Long before the Lele people of Papua New Guinea had significant contact with the Western world and Christianity, they had developed a framework for understanding sickness and healing with a strong emphasis on the unseen world. This study examines how mature Lele Christians of the Evangelical Church of Manus assess traditional health concepts in light of their Christian faith and Scripture. By using cognitive theory as an interpretive approach, this research serves as a case study to illustrate the mental processes that take place when Christians in an animistic context make sense of their traditional culture.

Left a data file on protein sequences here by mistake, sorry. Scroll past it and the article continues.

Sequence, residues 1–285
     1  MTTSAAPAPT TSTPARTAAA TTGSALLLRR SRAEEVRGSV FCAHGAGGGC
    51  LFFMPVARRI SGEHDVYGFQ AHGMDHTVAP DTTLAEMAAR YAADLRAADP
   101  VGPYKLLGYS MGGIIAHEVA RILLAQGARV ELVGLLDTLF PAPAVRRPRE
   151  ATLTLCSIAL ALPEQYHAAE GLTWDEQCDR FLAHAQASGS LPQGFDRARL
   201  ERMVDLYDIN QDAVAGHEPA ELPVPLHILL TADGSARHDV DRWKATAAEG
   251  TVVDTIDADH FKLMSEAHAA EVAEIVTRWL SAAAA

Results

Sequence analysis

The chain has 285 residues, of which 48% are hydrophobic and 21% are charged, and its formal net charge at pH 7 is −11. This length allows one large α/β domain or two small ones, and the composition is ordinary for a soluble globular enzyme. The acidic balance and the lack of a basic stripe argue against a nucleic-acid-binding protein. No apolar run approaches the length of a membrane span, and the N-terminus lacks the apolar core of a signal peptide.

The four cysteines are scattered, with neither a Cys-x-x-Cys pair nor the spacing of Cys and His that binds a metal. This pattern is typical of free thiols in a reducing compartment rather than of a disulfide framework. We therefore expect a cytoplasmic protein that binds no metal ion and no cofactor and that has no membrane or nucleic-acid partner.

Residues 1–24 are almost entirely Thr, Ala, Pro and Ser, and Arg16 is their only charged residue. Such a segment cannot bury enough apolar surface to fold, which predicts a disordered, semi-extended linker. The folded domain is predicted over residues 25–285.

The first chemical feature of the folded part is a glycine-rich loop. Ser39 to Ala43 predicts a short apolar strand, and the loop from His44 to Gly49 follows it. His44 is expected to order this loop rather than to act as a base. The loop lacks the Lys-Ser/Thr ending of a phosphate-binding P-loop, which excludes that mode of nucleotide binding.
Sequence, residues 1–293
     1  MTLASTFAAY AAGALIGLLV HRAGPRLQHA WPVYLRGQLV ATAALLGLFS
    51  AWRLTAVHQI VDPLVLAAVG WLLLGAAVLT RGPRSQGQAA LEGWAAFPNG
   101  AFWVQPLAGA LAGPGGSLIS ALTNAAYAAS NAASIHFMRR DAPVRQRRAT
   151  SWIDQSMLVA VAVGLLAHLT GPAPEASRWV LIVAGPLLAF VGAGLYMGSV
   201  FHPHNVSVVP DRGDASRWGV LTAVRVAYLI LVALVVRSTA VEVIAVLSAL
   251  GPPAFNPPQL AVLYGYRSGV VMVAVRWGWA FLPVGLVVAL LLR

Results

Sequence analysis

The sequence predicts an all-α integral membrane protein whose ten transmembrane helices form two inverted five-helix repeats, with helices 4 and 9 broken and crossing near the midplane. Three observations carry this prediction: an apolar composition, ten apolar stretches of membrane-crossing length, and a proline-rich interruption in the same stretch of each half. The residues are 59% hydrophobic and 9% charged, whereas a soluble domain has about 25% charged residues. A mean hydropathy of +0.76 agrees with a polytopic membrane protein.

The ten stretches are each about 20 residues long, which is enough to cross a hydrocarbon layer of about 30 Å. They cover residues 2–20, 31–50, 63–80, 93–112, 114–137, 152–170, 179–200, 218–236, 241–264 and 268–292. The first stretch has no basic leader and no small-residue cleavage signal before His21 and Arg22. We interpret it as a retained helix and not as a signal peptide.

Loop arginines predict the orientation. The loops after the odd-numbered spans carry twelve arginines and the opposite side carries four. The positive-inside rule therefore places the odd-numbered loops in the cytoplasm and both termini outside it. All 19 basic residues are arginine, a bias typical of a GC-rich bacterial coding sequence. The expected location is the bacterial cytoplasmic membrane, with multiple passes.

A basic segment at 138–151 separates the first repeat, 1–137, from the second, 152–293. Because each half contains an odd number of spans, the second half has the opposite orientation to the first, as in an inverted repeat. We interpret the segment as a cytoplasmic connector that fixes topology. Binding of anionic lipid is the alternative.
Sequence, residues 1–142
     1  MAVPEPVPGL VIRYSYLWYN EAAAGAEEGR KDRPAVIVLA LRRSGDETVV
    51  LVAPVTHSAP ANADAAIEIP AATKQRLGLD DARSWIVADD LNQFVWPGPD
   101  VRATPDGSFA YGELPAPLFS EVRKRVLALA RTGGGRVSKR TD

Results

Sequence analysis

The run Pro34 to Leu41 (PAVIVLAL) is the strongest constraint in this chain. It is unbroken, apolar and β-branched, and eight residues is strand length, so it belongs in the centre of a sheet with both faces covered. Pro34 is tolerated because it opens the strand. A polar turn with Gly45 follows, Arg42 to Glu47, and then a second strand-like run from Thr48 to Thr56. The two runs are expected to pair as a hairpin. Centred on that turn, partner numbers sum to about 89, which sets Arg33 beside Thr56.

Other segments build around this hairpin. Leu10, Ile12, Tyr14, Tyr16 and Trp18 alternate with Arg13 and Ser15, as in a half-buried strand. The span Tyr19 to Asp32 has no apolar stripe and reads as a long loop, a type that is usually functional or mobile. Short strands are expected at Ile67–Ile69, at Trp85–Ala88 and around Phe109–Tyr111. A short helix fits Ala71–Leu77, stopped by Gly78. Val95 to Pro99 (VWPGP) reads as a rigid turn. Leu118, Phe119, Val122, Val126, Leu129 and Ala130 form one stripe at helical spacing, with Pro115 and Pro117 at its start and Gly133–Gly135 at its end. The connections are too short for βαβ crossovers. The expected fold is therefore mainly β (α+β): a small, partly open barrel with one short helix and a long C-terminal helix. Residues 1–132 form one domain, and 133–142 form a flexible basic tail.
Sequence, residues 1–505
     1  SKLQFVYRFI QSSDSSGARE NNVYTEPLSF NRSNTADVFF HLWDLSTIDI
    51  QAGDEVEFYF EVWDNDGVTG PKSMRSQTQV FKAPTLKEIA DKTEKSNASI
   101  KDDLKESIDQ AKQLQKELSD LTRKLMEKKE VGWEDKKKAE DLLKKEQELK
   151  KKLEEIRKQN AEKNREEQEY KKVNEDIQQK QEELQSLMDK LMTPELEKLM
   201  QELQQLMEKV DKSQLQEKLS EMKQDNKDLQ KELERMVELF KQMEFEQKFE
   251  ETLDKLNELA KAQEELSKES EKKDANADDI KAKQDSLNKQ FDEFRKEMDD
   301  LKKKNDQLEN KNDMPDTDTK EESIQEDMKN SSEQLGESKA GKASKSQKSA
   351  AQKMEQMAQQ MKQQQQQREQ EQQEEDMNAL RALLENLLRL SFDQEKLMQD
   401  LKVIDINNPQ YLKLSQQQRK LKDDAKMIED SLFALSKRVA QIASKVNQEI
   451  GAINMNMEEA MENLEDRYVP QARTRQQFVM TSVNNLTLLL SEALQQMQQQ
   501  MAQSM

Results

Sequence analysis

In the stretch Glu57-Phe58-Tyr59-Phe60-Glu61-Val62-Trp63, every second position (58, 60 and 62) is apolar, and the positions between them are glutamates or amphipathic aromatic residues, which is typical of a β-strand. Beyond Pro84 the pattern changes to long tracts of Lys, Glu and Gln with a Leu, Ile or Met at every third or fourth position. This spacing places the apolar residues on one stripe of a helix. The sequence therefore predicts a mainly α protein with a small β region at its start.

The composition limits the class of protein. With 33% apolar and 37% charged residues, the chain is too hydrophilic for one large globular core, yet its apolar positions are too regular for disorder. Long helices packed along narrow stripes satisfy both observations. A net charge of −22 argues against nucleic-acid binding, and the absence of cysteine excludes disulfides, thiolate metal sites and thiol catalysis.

Simon Herrmann spent 15 years in Papua New Guinea, the United States and Malaysia. He now works as a research associate at the Department of Intercultural Theology at the Internationale Hochschule Liebenzell.